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In a city that tucks away some of its best secrets, you won’t be excluded if you simply know which doors to open. From private villas with flamingos and swimming pools, universities with private gardens to Old Milan courtyards with trendy bars, we know where to go.
A pefect definition of the city could be that of 20th-century writer Alberto Savinio, describing the city as all made of stone and seeming hard, yet actually soft with its indoor gardens. Milan is a city with little greenery, but only because it’s secretly concealed. Some gardens are hidden behind the gates of the mansions, accessible only to residents and to those who, on precise days each year, queue up to visit them. Others are unknown even to locals, but only because they lack the curiosity to go peeping around. Just open the right door, and the garden is there waiting for you.
THE 1930s VILLAS
An urban legend about pink flamingos and peacocks roaming in the city centre is in fact true – just walk up to via Cappuccini 7 and look beyond the gate. Villa Invernizzi is closed to the public, unfortunately, but right next to it is Villa Necchi Campiglio – a house/ museum in an art deco style, designed in the 1930s by architect Piero Portaluppi. Go and see its perfectly furnished and well-maintained rooms, take a stroll in the garden and then relax in the greenhouse for a coffee.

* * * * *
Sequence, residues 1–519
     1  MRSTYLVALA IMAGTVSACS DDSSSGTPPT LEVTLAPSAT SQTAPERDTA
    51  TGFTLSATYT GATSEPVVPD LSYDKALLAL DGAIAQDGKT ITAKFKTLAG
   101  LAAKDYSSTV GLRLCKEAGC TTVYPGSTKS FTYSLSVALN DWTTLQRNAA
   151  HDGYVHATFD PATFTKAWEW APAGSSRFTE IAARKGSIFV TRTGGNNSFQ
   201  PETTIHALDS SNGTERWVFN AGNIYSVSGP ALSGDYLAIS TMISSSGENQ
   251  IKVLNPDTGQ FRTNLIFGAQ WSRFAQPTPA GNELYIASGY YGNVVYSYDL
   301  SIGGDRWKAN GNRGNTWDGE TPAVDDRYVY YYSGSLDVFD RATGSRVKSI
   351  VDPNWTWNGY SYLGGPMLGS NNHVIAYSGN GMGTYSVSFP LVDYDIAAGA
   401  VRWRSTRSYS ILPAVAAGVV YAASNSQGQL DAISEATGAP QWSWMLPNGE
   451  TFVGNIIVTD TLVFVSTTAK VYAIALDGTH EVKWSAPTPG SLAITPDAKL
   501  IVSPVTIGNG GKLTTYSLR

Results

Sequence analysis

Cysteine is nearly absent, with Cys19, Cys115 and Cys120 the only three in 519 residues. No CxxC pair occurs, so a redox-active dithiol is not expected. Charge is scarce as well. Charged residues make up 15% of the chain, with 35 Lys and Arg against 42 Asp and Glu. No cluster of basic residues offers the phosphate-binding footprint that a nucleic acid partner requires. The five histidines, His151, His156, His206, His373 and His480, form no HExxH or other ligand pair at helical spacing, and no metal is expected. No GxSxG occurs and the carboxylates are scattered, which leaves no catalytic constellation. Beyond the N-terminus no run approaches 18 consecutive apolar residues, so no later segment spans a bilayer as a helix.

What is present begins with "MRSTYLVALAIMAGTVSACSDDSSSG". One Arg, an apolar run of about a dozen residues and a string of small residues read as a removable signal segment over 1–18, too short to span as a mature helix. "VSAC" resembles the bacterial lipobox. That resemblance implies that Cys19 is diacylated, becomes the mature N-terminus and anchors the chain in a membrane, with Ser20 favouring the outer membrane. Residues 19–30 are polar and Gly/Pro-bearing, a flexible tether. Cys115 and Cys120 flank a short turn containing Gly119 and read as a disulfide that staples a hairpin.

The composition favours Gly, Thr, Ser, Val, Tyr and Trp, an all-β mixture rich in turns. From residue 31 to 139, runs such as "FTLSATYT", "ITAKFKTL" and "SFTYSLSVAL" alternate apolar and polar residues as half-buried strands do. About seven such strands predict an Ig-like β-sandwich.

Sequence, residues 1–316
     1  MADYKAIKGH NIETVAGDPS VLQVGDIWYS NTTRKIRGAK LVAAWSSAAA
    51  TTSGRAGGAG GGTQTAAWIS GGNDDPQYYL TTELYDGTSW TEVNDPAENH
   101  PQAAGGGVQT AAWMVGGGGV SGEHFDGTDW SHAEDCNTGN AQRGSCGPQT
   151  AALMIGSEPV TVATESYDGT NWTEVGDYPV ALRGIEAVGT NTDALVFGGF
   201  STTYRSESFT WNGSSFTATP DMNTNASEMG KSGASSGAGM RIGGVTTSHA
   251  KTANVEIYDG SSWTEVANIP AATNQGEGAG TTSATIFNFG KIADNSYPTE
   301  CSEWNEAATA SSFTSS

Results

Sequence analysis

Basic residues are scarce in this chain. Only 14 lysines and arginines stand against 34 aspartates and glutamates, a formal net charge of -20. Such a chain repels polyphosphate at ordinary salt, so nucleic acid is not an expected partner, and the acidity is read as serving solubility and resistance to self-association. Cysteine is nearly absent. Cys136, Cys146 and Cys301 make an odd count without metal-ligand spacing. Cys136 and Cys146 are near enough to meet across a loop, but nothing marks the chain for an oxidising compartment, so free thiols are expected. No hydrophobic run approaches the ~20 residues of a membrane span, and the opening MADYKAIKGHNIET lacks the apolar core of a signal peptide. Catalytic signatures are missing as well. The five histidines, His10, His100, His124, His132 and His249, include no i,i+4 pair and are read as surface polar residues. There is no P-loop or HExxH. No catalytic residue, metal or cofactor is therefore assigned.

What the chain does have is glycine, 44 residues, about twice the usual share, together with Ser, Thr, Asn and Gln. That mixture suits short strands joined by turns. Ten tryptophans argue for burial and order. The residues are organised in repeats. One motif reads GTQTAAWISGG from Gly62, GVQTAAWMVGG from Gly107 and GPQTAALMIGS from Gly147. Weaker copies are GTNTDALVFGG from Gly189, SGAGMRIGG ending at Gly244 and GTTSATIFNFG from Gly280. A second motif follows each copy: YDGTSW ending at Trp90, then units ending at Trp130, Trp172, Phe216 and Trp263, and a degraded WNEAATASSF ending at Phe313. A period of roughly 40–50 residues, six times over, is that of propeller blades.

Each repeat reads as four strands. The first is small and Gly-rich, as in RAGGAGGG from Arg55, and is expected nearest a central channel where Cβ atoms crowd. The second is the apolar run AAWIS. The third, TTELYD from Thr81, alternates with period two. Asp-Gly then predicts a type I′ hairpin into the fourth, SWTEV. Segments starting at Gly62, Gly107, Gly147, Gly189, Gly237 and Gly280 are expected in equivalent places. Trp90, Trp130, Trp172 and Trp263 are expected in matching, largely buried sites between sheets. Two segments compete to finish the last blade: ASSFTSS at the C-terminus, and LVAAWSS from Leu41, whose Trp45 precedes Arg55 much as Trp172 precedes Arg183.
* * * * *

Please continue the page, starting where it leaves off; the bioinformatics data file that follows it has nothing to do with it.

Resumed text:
THE COURTYARDS OF THE UNIVERSITIES
The University of Milan is housed in the Renaissance building of the CA’ Granda, commissioned by the Duke of Milan Francesco Sforza and designed by Filarete. Admire the 17th-century façade, the baroque portal and then enter the Cloister (but also try to visit its other three courtyards).
The Università Cattolica del Sacro Cuore in largo Gemelli is also worth a look. It is housed in the ancient Cistercian Monastery within the Sant’Ambrogio Basilica grounds and has two beautiful cloisters. If you manage to evade security, and you are girls, you will manage to get to the garden of Saint Catherine of Alexandria, whose access is only allowed to female students and is thus nicknamed “the Garden of the Virgins”.
THE OLD MILAN COURTYARD
Although it’s not a garden, it’s a way to enjoy a corner of old Milan with its tenements – typical public housing with the main doors along the ground floors and the long walkway where the courtyard once was. Enter inside this old centre of social life from via Giovenale 7, where you’ll first encounter the Officina Cocktail Bar (a motorcycle workshop with a bar), then Al Cortile restaurant (a bar and cooking school) and finally le Fonderie Milanesi (a busy happy hour spot). Walking through the courtyard feels like a cross between a treasure hunt and a maze. You’re in a sort of a parallel reality; it’s a step back in time that encompasses some of the trendiest nightlife Milan has to offer today.